As a freedom of information scholar and activist, I’ve heard and read countless arguments against secrecy and in favour of openness. But an undated op-ed, printed on the United Kingdom’s All Party Committee for Freedom of Information letterhead sometime during the last half of the seventies, featured one of the oddest right to know rallying cries I’m aware of. At the time, some of the country’s most famous rock stars were “going into exile” to avoid its high taxes, which had recently increased for them thanks to the government “abolishing a concession under which money earned abroad was not taxed if it was not brought back in the country.”1David McGee, “British Rock Stars Going Into Tax Exile,” Asbury Park Press, July 4, 1976. In response, the op-ed stated:
The melody maker is the source of vast wealth which this country cannot afford to loose. But the whole of the music based industry is threatened when its top talent seeks refuge in exile from crushing taxation. Wise men do not drive away geese which lay golden eggs. If wise men are seen to be killing off these geese one knows for certain that there is a secret reason. There must be a secret reason because we are watching wise men doing it. Only madmen would destroy such geese without a reason, and we must not accuse the powers that be of madness.2All Party Committee for Freedom of Information, “The Grim Hush of Secrecy to Silence Music,” n.d.
The op-ed then suggested that music was the “prime target” of the government’s “money lender” because:
…of its unique freedom from his clutches. He hears music as a threat to the huge profits which can be obtained from lending money. What could be easier for him than to attach conditions to the borrowing of money under cover of secrecy which could cripple any industry that successfully survived without credit.3All Party Committee for Freedom of Information, “The Grim Hush of Secrecy to Silence Music,” n.d.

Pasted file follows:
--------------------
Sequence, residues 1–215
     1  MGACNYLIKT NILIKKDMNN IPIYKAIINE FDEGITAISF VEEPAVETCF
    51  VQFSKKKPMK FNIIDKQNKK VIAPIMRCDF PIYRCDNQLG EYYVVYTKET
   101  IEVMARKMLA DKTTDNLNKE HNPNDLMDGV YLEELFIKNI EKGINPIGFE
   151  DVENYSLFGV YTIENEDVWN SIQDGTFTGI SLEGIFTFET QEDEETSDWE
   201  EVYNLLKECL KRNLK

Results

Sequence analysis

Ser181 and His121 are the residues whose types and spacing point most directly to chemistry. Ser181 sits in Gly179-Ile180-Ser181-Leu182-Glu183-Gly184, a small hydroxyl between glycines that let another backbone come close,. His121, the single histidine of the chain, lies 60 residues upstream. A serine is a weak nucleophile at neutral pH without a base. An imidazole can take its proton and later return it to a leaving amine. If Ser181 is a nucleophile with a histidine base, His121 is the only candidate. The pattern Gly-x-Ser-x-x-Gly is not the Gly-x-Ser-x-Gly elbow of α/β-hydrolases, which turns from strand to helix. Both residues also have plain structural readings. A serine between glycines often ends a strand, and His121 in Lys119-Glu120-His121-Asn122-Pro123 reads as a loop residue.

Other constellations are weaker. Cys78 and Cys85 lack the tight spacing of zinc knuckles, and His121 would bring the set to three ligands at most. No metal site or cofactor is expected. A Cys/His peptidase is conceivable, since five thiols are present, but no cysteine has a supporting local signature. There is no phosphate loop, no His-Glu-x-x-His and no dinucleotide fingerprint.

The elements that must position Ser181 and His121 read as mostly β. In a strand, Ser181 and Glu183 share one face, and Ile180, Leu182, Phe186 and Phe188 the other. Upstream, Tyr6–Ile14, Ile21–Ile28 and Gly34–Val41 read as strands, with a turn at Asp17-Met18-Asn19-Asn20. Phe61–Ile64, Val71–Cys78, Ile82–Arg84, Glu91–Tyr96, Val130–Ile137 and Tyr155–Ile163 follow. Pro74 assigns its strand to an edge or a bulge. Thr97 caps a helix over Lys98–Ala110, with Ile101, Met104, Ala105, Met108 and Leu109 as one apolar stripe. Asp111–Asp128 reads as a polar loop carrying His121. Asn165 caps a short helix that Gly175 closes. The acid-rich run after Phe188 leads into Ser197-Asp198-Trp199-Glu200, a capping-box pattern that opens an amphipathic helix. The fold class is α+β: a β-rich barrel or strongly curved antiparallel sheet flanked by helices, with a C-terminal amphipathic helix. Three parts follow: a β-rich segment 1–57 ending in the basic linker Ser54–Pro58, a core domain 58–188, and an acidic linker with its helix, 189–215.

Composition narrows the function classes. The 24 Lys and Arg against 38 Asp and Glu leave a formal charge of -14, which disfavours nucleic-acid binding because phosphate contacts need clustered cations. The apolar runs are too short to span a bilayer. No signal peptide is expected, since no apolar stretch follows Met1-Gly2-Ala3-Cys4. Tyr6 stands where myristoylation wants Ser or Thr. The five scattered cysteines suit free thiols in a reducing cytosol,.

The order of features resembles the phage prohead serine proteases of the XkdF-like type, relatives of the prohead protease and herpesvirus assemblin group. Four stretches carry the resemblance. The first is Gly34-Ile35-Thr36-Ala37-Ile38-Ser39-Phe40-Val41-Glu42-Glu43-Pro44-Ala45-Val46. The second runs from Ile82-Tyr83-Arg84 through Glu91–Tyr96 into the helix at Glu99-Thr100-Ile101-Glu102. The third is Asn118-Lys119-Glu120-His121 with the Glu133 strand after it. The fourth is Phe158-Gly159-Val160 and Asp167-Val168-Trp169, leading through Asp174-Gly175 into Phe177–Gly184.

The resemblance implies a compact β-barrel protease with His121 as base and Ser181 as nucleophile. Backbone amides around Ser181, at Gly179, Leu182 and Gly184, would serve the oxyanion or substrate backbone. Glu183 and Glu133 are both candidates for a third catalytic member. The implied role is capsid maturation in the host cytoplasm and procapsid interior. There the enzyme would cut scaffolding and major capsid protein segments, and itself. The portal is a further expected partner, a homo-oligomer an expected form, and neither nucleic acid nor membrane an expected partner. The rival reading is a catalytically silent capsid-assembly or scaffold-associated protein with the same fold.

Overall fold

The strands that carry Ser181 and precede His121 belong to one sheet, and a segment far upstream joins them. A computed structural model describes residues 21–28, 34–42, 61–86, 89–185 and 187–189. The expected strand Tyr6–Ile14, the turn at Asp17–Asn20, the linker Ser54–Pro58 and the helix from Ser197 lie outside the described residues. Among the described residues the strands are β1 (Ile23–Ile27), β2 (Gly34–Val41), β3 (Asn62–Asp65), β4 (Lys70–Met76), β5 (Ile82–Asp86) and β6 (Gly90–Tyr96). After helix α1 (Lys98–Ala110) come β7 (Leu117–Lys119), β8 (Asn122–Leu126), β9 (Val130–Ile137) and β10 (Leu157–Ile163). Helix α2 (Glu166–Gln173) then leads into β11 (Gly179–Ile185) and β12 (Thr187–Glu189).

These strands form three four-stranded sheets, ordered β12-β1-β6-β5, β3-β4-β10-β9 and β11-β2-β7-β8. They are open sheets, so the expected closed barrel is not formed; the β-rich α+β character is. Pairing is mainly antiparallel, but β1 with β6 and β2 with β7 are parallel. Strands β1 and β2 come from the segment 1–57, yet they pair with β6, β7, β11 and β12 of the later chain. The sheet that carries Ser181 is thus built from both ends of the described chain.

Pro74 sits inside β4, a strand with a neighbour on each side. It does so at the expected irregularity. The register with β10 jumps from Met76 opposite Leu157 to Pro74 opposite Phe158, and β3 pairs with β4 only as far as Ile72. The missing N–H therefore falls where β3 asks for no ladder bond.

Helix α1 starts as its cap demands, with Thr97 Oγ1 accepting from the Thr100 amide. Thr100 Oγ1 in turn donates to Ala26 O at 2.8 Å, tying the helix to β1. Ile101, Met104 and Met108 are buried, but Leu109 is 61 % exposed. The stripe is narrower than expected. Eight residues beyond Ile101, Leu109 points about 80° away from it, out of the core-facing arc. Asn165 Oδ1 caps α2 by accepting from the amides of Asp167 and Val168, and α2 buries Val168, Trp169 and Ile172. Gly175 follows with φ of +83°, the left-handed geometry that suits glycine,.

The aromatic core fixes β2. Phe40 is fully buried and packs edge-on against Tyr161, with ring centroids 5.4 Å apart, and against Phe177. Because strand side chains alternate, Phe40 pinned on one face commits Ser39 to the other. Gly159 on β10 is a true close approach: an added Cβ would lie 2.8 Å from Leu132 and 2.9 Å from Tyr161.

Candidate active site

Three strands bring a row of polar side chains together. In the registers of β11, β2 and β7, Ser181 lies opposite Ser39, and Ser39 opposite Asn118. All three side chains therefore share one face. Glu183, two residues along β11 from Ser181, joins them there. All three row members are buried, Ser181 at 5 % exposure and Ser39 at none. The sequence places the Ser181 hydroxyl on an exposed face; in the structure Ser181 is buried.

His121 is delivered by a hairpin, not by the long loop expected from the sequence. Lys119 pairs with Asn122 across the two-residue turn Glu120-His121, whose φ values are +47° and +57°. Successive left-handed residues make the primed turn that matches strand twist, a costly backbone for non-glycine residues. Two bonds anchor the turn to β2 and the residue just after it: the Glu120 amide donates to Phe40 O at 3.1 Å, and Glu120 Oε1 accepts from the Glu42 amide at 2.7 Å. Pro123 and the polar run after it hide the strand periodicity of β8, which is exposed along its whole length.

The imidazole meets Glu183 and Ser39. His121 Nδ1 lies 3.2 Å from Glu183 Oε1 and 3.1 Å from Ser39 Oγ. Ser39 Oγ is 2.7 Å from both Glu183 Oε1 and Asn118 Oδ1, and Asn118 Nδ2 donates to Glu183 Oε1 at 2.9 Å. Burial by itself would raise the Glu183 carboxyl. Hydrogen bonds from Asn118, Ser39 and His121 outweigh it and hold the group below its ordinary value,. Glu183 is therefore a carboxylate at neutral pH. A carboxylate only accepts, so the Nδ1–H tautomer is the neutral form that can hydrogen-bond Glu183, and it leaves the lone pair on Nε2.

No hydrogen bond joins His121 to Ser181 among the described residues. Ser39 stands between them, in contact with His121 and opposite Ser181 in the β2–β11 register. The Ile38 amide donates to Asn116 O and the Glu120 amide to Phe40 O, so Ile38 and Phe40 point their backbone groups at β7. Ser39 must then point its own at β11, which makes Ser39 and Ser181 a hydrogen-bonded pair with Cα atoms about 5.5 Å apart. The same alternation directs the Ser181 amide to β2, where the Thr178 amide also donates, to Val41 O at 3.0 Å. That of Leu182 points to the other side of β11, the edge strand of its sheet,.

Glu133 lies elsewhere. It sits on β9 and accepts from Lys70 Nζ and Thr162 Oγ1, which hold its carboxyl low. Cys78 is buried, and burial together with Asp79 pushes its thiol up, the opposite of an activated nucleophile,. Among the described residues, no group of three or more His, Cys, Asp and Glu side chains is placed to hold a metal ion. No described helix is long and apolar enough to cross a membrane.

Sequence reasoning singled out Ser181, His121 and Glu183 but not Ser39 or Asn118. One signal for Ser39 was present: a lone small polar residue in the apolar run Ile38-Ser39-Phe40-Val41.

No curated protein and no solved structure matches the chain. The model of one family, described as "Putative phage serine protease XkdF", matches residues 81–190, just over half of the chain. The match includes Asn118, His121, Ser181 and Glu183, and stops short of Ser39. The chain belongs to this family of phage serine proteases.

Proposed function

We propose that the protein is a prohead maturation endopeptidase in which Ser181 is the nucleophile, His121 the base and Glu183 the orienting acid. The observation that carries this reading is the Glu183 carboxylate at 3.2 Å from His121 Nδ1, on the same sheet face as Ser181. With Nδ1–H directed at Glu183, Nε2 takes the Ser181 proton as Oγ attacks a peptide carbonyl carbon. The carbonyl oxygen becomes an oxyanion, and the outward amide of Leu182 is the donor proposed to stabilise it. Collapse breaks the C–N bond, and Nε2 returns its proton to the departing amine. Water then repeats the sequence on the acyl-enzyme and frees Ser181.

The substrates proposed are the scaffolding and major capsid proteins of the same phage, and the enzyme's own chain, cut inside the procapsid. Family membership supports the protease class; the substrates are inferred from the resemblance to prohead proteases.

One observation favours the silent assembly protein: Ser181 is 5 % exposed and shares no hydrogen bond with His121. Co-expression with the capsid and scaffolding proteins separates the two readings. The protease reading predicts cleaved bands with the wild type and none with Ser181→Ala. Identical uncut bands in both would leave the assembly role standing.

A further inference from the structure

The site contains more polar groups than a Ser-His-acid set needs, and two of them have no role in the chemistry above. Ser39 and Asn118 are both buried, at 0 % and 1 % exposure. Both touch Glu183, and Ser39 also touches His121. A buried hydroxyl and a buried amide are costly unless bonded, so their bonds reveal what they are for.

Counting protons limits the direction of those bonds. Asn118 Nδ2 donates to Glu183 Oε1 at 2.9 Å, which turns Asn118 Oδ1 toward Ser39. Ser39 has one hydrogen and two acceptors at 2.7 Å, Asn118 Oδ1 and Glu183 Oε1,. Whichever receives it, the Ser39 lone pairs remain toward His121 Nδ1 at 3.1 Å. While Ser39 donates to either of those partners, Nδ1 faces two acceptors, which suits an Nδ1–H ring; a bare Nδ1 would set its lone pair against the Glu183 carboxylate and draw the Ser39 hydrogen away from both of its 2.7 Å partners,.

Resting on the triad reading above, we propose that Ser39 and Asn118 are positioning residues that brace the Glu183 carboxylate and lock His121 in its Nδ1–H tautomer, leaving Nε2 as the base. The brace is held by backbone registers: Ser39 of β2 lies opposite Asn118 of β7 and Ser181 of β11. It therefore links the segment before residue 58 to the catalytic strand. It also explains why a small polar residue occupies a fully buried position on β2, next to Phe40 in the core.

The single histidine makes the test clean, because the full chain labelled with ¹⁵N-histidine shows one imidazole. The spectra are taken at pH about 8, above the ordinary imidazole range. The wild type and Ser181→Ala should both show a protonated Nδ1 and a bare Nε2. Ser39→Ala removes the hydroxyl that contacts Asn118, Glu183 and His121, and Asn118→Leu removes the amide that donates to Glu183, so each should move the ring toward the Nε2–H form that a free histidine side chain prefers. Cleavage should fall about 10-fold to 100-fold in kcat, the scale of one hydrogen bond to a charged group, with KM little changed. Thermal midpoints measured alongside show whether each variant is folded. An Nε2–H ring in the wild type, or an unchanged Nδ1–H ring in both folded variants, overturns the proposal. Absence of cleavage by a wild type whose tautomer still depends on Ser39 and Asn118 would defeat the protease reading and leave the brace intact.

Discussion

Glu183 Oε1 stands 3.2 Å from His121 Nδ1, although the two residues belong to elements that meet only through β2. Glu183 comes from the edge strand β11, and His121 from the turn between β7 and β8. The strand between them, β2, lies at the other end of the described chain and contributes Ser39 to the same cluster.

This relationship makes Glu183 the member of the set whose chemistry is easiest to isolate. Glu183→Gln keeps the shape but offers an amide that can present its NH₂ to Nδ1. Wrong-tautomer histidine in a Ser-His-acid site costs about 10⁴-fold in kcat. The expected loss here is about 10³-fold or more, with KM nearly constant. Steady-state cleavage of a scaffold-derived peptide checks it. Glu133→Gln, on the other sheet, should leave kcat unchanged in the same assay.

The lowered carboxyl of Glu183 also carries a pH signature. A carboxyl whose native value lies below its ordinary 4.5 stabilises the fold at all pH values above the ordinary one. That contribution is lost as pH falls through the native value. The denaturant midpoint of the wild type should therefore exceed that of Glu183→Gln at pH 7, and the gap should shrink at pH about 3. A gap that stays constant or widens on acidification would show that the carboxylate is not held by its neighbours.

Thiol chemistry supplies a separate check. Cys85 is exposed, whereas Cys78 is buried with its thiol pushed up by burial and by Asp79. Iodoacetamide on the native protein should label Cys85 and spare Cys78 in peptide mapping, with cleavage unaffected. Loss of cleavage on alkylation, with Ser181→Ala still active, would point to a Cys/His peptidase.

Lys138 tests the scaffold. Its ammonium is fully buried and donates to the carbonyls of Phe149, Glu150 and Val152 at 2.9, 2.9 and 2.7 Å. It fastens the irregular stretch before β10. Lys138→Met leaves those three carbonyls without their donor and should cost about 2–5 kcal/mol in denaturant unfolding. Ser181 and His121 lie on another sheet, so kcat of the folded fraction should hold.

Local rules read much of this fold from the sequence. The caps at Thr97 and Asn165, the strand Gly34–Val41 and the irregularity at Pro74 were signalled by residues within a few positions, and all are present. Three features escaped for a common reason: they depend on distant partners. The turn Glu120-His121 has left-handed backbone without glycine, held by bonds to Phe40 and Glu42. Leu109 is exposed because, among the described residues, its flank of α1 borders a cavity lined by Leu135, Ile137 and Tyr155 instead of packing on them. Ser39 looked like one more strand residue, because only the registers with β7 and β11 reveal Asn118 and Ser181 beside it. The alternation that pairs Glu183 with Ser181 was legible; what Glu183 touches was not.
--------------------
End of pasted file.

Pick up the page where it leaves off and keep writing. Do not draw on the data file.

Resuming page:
As a result, the op-ed stated:
If the music industry is to protect itself from the decline already suffered by the film industry it must use its link with the man in the street to create a demand for the Right to Know. The melody maker must get turned on to reform. He must resume the ancient and honourable tradition of the troubadour and once again become the herald of freedom, the champion for humanity against the darkness of Secrecy. For a human being has a basic need and a basic right to know and old secrecy deprives him of that right. When Britain was inhabited by illiterate peasants and ruled by an educated minority, affairs of State might be justly protected by secrecy as if pearls before swine. But today old Secrecy is outmoded and obsolete. The citizen needs his right to know and who better is there to champion his cause than those with a legitimate vested interest in Freedom of Information. For his own survival, and for the survival of the Nation as a whole, the Melody Maker should be in the forefront of the National Campaign to introduce Freedom of Information Legislation in the U.K.4All Party Committee for Freedom of Information, “The Grim Hush of Secrecy to Silence Music,” n.d.